Greggs Morrisons Stobart Royal Mail Argos, according to Greggs Supply Chain Director Gavin Kirk
Gavin Kirk, Supply Chain Director at Greggs, said
- We welcome the introduction of LSTs into general use. Since 2013, Greggs has been operating LSTs from our National Distribution Centre in Newcastle. We were early adopters of the trial as we saw significant efficiency benefits from the additional 15% capacity that they afforded us.
- We have converted 20% of our trailer fleet to LSTs, which was the maximum allowable under the trial, and these complement our fleet of double-deck trailers. Our drivers undertook additional training to use these trailers and we have monitored accidents, finding that they are as safe as our standard fleet.
- Due to the increased capacity, we have reduced our annual kilometer (km) travel by 540,000 km, and saved 410 tonnes of carbon per year from LSTs. This supports our wider ESG agenda, the Greggs Pledge.
The trial revealed the significant environmental benefits associated with the implementation of LSTs, including a significant reduction of 70,000 metric tonnes of CO2 and 97 metric tonnes of NOx over the course of the trial.
The average CO2 reduction over the course of the trial is equivalent to the quantity of CO2 captured annually by approximately 11,600 acres of forest.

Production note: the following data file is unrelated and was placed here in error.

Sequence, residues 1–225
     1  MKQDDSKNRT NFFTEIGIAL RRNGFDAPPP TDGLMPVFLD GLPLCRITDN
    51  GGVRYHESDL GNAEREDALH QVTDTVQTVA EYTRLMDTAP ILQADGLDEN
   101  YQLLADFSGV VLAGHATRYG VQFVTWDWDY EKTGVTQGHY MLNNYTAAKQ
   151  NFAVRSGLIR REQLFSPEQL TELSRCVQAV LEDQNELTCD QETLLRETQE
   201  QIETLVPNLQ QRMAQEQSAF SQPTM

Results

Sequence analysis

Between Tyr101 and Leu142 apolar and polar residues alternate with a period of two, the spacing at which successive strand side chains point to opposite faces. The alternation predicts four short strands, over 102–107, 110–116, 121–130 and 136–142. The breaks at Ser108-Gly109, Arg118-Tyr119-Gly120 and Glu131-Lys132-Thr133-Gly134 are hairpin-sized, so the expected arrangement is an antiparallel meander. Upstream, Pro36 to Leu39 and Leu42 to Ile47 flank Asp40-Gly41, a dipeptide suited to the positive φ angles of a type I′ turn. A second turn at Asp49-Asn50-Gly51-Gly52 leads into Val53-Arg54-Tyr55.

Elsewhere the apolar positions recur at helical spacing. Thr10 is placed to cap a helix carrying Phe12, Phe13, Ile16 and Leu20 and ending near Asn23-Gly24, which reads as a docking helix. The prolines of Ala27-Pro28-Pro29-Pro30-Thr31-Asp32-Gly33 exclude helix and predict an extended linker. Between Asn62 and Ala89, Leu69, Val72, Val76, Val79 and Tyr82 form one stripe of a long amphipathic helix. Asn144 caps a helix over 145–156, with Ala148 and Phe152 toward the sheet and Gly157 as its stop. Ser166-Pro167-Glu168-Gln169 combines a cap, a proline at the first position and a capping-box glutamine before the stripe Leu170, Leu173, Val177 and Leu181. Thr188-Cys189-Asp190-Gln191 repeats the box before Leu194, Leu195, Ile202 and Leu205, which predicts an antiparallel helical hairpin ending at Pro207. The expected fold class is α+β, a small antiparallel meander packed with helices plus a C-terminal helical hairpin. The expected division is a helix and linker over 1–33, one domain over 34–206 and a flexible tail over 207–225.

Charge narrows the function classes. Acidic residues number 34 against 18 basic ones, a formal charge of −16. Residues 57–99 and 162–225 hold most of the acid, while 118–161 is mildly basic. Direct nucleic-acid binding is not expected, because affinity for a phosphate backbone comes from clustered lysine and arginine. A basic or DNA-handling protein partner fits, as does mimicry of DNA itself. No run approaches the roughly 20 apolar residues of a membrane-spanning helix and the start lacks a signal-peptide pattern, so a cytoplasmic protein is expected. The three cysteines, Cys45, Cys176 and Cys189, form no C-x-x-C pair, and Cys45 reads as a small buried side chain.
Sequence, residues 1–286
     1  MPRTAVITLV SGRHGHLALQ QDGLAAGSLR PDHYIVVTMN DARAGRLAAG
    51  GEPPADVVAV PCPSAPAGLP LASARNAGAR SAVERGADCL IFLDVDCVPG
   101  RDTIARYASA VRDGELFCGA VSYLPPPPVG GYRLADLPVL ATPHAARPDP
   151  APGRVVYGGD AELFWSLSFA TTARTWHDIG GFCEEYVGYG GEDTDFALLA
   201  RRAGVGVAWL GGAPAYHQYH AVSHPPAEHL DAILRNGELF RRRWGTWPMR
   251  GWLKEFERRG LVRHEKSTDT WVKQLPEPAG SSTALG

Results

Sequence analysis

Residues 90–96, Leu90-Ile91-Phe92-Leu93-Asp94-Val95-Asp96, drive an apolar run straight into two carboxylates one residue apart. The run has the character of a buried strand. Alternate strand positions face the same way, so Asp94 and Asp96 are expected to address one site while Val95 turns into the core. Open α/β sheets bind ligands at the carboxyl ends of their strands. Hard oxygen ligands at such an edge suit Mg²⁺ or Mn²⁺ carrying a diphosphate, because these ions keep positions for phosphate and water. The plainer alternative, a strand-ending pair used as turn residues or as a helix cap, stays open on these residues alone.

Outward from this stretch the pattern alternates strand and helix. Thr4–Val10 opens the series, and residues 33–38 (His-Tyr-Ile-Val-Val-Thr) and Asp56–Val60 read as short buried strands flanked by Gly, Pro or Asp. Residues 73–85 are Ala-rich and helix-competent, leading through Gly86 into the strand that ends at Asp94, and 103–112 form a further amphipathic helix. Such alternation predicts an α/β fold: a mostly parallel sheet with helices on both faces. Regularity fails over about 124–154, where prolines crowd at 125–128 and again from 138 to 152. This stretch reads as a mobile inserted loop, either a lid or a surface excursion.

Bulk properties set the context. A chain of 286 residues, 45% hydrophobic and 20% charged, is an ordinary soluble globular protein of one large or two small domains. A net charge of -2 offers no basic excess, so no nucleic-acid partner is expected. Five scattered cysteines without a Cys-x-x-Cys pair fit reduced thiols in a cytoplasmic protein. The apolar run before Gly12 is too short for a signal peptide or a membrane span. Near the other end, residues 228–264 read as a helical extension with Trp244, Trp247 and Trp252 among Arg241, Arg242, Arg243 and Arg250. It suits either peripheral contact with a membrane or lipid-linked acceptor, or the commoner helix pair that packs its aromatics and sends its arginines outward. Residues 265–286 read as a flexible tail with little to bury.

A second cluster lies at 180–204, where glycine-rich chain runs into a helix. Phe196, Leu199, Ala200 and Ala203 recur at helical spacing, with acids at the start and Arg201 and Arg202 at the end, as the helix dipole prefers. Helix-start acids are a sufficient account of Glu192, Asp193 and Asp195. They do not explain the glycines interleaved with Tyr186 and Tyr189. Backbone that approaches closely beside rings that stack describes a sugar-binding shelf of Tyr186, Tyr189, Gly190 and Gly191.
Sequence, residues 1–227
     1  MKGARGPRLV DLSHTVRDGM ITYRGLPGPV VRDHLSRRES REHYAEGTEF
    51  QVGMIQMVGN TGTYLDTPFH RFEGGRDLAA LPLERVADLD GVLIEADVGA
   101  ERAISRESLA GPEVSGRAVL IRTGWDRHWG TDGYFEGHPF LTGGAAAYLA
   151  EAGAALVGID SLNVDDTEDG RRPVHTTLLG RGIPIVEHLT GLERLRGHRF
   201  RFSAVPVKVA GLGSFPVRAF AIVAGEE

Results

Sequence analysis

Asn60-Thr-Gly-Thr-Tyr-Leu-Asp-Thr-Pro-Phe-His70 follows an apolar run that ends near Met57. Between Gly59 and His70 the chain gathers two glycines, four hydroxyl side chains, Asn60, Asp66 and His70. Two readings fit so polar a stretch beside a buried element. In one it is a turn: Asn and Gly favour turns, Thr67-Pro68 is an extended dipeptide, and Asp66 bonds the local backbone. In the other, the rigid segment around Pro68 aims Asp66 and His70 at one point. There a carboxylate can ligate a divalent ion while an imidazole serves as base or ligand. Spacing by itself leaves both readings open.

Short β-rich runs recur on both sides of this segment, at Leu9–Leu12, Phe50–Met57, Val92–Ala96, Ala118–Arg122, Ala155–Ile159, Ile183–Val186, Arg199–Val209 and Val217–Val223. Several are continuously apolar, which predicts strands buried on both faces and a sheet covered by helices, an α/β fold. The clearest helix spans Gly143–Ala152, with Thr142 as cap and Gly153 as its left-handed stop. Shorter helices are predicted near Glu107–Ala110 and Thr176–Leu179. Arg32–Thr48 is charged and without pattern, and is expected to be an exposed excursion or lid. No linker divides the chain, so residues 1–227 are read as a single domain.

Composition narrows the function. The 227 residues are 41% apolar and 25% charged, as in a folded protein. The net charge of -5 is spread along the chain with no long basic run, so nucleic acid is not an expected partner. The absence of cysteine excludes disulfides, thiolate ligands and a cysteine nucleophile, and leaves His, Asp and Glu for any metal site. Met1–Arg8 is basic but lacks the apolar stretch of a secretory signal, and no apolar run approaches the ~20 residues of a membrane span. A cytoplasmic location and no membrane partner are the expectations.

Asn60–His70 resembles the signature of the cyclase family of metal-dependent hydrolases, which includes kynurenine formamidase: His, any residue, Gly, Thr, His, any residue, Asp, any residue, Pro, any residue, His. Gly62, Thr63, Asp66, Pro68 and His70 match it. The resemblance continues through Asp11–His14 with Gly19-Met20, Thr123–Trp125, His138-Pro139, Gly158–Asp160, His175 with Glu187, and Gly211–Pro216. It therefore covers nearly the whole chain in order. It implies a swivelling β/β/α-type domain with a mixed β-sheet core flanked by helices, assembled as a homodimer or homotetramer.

The reduction in NOx emissions is equivalent to the annual NOx emissions of approximately 2,000 diesel vehicles.
As the government continues to work closely with the sector to ensure that all new heavy goods vehicles (HGVs) are net-zero by 2040, the introduction of LSTs is an important, simple, and affordable measure to continue reducing CO2 emissions from the haulage industry without significant technological and infrastructure development.
This action is part of the government’s 33-step plan to address the shortage of HGV drivers and increase recruitment and retention.
Government’s 33 actions to support Britain’s haulage sector include:
- £52.5 million will be given to improve roadside facilities for lorry drivers
- making 11,000 HGV driver training places available through skills bootcamps
- boosting the number of HGV driver tests
- launching our Future of Freight plan to encourage millions of people to kickstart an exciting career in logistics
As a consequence, record numbers of new HGV drivers are taking and passing their driving tests.
The Driver and Vehicle Standards Agency (DVSA) conducted 29,384 HGV examinations between March and May 2022, which is 54% more than the same period in 2019.
Chris Yarsley, Senior Policy Manager at Logistics UK said:
- The introduction of longer semi-trailers (LSTs) into general service will increase the scope and scale of the goods which our industry is able to transport, increasing efficiencies and reducing the environmental impact of delivering for the UK’s economy.
- Over the past few years of the trial, our members have proved that LSTsprovide operators with a cost-efficient, environmentally prudent alternative to conventional vehicles and our members remain committed to rolling them out across the wider industry as soon as possible.